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Nvidia turnaround? One trader’s clever play on the volatile semiconductor stock

One of hottest stocks over the past year has come off of all-time highs, but Todd Gordon of TradingAnalysis.com says the charts make a compelling case for buying on the pullback.

As of Thursday, Nvidia was down 15 percent from the intraday all-time high that it hit on June 9. But the stock has still tripled over the past year, making it the best performer in the S&P 500.

And according to Gordon, a look at the charts shows that the chipmaker’s almost 3 percent gain this week could suggest that history is about to repeat itself and that Nvidia is about to head higher.

Gordon specifically points to what he’s calling a “three-wave pullback,” in reference to the three previous times when Nvidia has fallen, only to then surge to new highs. Based on the length of the past pullbacks, the recent drop in Nvidia looks to be complete, according to Gordon, meaning that the stock will mirror past moves and rally.

“We are right on top of the equality point, so basically this distance is equal to the prior correction,” he said Thursday on CNBC’s “Trading Nation.” “You see this kind of symmetry in the markets all the time. If you just know how to look for it, you can pick up some pretty good turning points.”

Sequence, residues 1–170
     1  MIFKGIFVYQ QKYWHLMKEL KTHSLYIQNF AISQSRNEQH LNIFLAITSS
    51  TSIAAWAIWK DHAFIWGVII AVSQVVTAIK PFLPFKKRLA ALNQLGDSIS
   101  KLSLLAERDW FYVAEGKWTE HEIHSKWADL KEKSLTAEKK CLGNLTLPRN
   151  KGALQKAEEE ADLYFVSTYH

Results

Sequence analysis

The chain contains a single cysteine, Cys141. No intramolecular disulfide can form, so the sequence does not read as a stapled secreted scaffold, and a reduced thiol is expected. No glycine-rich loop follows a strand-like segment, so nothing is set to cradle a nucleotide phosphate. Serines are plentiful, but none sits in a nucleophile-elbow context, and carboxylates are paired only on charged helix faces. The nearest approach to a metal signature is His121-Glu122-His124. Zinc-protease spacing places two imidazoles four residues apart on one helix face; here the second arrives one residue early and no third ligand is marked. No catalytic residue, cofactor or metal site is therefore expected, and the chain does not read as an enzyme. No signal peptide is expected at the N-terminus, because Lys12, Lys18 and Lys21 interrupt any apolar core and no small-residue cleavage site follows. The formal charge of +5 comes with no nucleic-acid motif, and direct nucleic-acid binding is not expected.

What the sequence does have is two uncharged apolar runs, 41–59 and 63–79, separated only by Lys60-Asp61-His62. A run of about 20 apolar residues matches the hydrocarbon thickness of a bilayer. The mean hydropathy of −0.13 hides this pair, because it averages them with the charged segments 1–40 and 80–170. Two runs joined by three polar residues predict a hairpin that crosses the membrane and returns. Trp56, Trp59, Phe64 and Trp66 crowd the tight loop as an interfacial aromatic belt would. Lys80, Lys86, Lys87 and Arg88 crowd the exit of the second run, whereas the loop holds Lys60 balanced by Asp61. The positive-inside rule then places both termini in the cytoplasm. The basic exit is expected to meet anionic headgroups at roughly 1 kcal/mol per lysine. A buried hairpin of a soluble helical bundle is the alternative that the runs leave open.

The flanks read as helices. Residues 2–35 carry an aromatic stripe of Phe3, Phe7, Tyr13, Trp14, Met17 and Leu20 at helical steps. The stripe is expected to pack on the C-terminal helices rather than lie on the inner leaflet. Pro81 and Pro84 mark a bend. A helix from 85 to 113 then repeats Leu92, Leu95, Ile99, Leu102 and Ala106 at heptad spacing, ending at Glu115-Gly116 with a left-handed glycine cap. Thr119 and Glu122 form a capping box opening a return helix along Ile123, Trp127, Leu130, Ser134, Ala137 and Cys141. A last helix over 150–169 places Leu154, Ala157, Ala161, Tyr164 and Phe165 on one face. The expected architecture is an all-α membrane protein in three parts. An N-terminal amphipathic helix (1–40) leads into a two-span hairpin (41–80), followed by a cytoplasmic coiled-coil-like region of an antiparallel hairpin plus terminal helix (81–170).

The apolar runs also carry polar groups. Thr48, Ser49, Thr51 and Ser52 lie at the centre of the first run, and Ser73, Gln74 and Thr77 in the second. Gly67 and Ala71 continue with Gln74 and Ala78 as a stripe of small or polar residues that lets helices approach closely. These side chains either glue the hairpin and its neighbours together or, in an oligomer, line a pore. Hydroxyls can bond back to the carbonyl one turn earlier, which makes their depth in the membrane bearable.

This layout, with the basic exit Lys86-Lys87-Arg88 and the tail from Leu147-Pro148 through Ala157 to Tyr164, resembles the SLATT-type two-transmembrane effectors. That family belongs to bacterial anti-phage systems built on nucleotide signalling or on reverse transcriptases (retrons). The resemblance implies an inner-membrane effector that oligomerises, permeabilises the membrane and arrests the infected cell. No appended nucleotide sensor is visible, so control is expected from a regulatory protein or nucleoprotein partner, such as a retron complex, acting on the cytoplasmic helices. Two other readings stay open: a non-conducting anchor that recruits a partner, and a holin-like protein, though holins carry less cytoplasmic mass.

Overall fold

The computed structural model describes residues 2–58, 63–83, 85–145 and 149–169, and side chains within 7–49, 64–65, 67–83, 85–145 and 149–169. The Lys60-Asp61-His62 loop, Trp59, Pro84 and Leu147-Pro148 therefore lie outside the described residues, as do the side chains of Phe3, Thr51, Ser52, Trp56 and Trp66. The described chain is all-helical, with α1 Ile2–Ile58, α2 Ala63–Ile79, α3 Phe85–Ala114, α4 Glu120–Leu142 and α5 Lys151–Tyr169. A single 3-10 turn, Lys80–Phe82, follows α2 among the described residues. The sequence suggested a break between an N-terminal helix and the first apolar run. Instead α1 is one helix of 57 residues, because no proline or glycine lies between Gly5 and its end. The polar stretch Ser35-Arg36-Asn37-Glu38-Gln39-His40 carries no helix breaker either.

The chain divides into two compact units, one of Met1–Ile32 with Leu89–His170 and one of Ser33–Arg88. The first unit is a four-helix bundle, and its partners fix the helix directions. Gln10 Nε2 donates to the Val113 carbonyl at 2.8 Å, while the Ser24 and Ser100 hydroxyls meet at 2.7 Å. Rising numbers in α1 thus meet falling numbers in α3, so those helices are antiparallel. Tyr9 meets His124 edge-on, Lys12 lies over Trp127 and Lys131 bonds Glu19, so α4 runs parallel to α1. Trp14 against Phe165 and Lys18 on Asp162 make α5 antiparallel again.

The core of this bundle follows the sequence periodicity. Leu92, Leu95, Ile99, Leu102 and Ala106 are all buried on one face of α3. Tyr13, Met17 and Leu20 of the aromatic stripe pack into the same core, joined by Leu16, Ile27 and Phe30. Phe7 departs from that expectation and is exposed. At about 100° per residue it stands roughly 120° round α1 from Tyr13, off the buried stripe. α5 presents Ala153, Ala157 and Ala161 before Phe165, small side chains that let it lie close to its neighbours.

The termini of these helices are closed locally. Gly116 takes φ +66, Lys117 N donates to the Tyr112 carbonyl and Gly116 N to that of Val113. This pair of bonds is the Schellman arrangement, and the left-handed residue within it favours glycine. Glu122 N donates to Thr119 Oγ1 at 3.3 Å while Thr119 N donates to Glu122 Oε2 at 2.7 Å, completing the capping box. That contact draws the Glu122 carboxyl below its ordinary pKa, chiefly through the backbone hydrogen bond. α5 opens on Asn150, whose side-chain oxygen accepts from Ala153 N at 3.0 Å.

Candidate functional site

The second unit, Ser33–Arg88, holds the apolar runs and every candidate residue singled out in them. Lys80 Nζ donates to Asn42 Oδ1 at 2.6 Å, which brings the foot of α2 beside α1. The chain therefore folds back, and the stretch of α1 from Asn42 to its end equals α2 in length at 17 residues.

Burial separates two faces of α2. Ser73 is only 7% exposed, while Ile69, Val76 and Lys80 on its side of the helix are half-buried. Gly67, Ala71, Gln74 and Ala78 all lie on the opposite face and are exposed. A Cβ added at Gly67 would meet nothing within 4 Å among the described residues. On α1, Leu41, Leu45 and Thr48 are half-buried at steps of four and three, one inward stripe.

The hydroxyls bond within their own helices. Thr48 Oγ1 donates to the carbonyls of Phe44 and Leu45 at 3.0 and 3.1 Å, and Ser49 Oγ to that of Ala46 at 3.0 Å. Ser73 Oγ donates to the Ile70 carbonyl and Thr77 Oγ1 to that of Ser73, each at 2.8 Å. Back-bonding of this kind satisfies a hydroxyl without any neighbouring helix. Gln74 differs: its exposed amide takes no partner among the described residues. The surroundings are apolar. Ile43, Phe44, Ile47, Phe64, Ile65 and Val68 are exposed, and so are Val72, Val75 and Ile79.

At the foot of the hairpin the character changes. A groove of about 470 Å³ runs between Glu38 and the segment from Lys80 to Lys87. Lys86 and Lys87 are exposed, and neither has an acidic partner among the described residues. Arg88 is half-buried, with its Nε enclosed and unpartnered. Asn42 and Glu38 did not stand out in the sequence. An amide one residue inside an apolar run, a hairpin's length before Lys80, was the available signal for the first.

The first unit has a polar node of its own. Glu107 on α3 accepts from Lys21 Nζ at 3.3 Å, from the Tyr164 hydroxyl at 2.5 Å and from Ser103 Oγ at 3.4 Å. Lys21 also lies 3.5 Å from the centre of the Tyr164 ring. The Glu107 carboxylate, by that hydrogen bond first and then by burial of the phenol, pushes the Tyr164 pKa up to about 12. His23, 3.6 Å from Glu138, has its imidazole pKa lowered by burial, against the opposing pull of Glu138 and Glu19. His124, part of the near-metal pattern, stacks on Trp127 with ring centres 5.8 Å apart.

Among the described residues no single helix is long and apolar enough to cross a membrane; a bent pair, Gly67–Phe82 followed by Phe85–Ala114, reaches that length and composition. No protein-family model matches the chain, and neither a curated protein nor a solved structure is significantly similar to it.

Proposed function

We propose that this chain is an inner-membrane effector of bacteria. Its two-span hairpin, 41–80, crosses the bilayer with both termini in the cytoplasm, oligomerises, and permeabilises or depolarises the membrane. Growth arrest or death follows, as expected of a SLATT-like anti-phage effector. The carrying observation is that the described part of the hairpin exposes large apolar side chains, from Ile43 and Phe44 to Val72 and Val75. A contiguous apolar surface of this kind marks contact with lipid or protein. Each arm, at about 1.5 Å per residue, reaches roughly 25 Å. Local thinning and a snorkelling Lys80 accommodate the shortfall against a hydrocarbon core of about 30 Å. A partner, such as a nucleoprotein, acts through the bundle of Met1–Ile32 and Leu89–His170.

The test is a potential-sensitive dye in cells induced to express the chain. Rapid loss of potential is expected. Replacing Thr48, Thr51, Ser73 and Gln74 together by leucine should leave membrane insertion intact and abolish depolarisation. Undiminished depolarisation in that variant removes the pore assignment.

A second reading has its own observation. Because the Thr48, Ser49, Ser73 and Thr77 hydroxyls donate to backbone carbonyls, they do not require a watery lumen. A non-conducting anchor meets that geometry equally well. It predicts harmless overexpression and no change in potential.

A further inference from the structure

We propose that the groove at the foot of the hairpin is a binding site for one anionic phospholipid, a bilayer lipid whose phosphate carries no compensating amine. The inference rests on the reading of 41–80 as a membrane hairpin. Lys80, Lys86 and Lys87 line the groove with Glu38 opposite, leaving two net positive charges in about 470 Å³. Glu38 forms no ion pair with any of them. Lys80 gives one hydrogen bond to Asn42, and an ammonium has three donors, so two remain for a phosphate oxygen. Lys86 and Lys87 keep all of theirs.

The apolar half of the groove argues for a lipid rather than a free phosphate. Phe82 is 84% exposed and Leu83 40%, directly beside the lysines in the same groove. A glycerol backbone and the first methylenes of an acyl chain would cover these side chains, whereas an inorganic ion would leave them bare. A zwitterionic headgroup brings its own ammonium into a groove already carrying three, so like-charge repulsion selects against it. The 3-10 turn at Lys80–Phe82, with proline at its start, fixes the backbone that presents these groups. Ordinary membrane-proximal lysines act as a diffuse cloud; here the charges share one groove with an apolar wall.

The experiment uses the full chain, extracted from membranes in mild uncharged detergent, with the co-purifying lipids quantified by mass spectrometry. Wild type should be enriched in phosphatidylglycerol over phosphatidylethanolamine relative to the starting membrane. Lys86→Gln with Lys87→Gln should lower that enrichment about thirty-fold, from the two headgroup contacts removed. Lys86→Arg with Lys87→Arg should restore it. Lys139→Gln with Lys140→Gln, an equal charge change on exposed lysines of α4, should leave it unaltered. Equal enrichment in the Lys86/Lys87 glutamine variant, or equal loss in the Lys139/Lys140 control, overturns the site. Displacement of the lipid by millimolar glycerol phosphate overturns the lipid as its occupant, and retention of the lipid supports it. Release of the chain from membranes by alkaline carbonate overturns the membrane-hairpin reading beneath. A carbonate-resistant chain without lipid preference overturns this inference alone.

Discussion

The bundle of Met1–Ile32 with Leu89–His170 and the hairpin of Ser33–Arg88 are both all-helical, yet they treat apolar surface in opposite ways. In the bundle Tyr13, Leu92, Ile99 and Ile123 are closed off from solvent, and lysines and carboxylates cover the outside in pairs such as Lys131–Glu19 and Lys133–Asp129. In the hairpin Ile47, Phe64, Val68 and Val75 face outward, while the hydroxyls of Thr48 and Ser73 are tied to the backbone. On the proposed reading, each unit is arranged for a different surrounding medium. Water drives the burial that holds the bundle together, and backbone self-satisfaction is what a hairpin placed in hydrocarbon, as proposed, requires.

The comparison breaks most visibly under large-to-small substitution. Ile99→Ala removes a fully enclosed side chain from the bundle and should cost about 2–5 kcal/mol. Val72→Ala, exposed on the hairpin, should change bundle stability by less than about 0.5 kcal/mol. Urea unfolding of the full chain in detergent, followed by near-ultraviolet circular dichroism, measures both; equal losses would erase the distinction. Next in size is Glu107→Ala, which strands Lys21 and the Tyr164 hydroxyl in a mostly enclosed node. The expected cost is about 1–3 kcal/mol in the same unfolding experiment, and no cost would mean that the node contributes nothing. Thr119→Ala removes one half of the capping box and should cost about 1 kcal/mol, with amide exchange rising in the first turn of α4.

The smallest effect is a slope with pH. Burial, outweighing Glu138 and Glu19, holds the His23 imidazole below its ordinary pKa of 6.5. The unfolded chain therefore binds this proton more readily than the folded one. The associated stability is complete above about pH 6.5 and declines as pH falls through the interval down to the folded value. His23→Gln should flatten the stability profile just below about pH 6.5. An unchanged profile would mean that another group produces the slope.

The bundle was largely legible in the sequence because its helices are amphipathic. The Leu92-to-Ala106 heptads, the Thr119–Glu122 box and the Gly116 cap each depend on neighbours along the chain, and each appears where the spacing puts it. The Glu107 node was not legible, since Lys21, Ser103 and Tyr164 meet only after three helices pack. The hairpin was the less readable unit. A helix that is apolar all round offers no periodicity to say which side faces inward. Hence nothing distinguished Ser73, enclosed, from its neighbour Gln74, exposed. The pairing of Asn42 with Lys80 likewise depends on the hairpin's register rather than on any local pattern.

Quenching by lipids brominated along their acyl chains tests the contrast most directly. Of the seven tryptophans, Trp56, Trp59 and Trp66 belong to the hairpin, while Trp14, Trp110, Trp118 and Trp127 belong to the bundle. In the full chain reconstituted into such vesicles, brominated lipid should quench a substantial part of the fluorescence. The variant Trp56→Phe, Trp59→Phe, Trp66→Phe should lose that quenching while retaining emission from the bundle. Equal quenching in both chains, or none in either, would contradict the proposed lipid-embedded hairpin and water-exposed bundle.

Since Nvidia looks to be at the tail end of its pullback, Gordon believes that the support level for the stock is between $135 and $140, which the shares have bounced up from in the past week. And since implied volatility, which measures the relative price of options, is so high, he wants to make a bullish bet on Nvidia by selling options rather than buying them..

As a result, Gordon is selling the July 21 140-strike puts and buying the July 21 135-strike puts for $2.04 total, or $204 credit per options spread.

Should Nvidia close above $140 on July 21 expiration, Gordon would get to keep that amount, for his maximum profit of $204. The trade breaks even at $137.96, and if Nvidia closes below $135 on July 21, Gordon would suffer the maximum loss of $296.

However, should the stock fall to $135 before expiration, Gordon would advocate exiting the trade, which would likely mean taking a smaller loss.

To be sure, the options are expensive for a reason. Nvidia shares traded in a nearly 4 percent range on Thursday alone. The stock’s volatile nature means that both bullish and bearish bets have a better chance of paying off than would options on most other stocks.

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